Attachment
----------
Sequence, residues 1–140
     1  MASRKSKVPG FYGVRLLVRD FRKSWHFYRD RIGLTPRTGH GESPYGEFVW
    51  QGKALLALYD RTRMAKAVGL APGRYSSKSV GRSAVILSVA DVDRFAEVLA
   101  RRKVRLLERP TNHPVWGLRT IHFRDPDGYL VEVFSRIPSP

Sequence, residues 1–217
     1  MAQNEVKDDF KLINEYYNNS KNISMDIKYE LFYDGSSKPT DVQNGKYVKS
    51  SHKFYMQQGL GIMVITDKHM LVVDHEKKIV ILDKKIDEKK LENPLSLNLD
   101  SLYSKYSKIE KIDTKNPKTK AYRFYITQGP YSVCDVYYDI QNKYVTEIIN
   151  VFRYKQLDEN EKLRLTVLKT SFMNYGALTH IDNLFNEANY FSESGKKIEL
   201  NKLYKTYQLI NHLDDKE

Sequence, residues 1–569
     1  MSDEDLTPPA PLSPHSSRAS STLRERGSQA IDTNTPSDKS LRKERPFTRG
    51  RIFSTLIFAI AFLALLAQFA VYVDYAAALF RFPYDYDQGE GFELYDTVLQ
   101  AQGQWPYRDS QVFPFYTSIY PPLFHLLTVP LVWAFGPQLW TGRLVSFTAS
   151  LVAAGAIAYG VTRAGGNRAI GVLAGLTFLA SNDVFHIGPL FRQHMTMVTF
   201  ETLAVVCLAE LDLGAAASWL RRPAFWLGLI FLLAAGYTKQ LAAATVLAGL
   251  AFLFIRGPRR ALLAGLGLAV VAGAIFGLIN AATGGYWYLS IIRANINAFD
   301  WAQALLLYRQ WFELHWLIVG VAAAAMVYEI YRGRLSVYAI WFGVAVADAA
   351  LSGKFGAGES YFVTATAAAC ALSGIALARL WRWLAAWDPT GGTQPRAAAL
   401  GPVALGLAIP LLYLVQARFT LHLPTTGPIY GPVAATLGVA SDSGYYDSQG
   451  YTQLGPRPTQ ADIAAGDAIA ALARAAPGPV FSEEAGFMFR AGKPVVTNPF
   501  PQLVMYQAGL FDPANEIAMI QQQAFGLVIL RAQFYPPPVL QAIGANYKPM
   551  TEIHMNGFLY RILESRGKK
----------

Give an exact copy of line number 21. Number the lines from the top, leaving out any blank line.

   451  YTQLGPRPTQ ADIAAGDAIA ALARAAPGPV FSEEAGFMFR AGKPVVTNPF